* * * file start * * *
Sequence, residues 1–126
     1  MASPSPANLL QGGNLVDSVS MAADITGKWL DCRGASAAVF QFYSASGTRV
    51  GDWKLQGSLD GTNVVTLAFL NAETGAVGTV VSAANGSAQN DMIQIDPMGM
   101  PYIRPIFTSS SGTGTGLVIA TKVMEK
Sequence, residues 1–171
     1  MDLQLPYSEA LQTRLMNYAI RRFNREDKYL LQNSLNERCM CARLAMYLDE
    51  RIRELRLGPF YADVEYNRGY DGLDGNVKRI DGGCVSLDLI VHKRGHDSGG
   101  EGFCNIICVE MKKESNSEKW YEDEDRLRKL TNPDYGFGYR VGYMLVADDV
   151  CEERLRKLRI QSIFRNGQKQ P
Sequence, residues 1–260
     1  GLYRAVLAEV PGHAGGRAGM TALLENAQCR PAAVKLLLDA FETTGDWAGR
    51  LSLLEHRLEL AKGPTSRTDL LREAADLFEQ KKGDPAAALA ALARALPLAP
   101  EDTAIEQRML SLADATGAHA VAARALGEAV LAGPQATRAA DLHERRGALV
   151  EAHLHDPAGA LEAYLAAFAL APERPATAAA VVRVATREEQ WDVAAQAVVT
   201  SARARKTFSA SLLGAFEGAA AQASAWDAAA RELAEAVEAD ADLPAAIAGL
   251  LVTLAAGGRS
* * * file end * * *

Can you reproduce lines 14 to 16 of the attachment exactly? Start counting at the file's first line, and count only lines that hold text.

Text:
   151  EAHLHDPAGA LEAYLAAFAL APERPATAAA VVRVATREEQ WDVAAQAVVT
   201  SARARKTFSA SLLGAFEGAA AQASAWDAAA RELAEAVEAD ADLPAAIAGL
   251  LVTLAAGGRS